Canadian extreme melodic death metal juggernaut THE AGONIST took the world by storm with the release of their bludgeoning 2019 full-length, Orphans – garnering fantastic critical acclaim and even a revered Juno nomination. With that undeniable skill in tow, THE AGONIST takes another bold step in their musical and lyrical progression with Days Before The World Wept, a brand new EP out October 15, 2021 via Napalm Records!
Inspired by real life experiences, Days Before The World Wept explores a grim, conceptual tale of greed, gluttony, confusion, pain, redemption and hope enveloped in a new level of aggression and cohesive, technical prowess.
Get a taste of the band’s newest music today by watching the music video for brand new single, “Remnants In Time”! The death metal burner brings non-stop energy throughout, showcasing Psarakis’ multifaceted vocal attack as she nails searing highs, guttural lows and magical clean passages. Just like the track itself, its haunting, conceptual music video’s imagery blends emotive and eerie imagery throughout.
Frontwoman Vicky Psarakis says about “Remnants In Time” and its stunning video:
“‘Remnants in Time’ is the first chapter in this story. It marks the final moments of a person’s life and the journey that begins right after.
We wanted the visuals to strongly reflect the lyrics and the concept behind them, and transforming me into a demon was key in that. I’m a huge fan of horror/sci-fi and makeup transformations, so working with a professional makeup artist and the use of prosthetics was the coolest part for me!
This song – and video – is all about extremes. Angelic and demonic, fragile and strong, delicate and aggressive. It embodies a lot of what THE AGONIST is about.”
Produced by Christian Donaldson (Beyond Creation, Cryptopsy, Despised Icon), Days Before The World Wept packs several albums worth of skill, songwriting prowess and melancholic lyrical mastery into just five tracks – leaving no stone unturned!
Opening track “Remnants In Time” begins ominously with ghostly piano lines performed by lead vocalist Vicky Psarakis before slamming into a double bass, one-woman choir explosion rife with needle-precision guitar work by deft guitarists Danny Marino and Pascal Jobin. The death metal burner brings non-stop energy throughout, showcasing Psarakis’ multifaceted vocal attack as she nails searing highs, guttural lows and magical clean passages in one fell swoop. The onslaught continues with the rhythmic soundscapes of cry for salvation “Immaculate Deception”, blending fast paced, aggressive verses with haunting, melodic choruses. “Resurrection” reaches into blackened territory before Psarakis splits it wide open – annihilating with her pinpointed vocal attack calling for rebirth. In addition to Psarakis, Marino and Jobin, dexterous drums from Simon McKay and the bass attack of Chris Kells lead the listener through metallic melodic passages topped with emotive poetry before breaking into the next track, “Feast On The Living”. It stands tall with rollercoaster clean and gritty vocals, rapid fire drums and blazingly precise guitar leads and solos, cementing the track as one of the most technically meticulous of the entire offering. Shifting into fifth gear, title track “Days Before The World Wept” brings it all home, beginning with a beckoning acoustic introduction before roaring in with intense blastbeats, polyrhythms and bellowing screams. THE AGONIST pulls out all the stops, showcasing their chops in all directions with breakneck instrumentation and staggeringly superb vocal approaches. Soaring through a kaleidoscope of blistering metal mastery and hopeful lyrical dramatism, the opus dominates as one of the most impressive works of the band’s catalog.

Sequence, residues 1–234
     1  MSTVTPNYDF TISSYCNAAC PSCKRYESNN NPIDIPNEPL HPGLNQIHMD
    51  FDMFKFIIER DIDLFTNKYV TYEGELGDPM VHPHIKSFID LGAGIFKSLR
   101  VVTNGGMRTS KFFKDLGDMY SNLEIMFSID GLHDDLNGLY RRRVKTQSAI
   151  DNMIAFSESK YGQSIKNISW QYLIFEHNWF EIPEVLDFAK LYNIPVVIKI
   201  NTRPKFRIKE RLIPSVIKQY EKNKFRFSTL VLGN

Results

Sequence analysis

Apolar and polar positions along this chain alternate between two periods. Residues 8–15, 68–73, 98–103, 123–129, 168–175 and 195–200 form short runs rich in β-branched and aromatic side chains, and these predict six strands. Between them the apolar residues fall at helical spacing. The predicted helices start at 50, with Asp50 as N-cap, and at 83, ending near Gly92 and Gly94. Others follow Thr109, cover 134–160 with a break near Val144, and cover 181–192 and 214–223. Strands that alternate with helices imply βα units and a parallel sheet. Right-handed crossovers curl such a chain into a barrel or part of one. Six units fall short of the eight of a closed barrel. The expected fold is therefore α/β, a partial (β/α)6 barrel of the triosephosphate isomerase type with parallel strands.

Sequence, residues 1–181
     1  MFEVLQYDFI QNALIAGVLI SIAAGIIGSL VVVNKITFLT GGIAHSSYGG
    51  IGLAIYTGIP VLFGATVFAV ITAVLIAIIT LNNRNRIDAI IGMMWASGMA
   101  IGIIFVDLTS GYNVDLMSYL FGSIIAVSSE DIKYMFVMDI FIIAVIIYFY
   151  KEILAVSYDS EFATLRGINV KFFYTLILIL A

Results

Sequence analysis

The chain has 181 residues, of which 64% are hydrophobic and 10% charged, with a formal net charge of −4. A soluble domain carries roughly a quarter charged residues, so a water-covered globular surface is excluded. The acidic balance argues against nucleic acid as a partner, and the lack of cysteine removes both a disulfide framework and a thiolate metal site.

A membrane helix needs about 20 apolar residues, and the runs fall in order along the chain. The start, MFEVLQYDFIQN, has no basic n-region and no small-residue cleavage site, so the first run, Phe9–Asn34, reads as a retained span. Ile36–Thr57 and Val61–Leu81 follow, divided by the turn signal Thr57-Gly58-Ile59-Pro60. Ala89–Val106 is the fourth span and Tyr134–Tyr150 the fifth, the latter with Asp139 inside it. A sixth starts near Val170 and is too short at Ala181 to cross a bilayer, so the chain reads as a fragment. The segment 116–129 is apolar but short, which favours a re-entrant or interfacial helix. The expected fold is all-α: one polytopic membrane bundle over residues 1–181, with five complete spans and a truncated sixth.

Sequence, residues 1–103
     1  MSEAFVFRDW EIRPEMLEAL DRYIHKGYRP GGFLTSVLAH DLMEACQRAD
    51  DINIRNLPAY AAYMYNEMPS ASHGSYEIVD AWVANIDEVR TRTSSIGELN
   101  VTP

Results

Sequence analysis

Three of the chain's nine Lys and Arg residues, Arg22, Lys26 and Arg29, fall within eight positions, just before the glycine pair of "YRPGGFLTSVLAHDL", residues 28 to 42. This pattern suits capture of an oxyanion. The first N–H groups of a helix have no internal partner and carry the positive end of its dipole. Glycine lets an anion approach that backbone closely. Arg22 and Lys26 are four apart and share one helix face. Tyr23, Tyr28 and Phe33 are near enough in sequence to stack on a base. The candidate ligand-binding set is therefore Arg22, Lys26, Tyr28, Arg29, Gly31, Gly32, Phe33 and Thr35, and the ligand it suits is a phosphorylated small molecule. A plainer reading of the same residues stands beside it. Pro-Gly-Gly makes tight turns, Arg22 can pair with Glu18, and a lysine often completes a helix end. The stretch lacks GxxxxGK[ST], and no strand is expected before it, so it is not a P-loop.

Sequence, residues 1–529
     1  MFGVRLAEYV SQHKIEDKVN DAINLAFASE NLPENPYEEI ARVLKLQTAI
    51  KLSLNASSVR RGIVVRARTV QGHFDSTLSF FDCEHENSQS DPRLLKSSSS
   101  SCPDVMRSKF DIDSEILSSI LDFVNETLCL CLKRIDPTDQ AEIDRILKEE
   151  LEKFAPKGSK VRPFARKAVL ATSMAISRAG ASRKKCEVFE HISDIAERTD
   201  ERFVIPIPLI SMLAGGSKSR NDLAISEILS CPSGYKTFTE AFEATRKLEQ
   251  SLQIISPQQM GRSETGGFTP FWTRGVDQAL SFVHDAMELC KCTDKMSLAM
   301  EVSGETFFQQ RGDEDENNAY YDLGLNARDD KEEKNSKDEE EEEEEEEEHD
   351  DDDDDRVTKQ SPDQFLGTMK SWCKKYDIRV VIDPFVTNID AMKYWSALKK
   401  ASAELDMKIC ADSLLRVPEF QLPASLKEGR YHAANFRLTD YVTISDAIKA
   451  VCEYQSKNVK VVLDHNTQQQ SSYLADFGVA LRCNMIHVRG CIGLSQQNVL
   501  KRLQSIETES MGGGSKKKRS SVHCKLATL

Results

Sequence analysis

Psarakis adds about Days Before The World Wept:
“There’s a lot I could say about this EP and its importance to the band, but does it matter? Obviously, this is the part where I tell you these are the best songs we’ve put out to date. Honestly – it’s a journey. You’re either gonna reach the end and want to relive it or you’re not… and that’s okay. Let the music speak for itself.”